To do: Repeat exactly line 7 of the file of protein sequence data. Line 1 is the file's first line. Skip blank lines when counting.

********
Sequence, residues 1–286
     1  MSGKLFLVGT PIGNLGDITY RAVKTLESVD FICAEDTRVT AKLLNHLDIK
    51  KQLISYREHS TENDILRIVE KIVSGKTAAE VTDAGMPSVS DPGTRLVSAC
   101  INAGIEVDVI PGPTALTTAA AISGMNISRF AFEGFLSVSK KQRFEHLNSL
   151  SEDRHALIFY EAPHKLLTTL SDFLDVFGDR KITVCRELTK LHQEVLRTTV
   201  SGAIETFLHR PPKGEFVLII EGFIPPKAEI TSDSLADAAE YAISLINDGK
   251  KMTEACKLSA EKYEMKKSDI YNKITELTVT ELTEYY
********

   251  KMTEACKLSA EKYEMKKSDI YNKITELTVT ELTEYY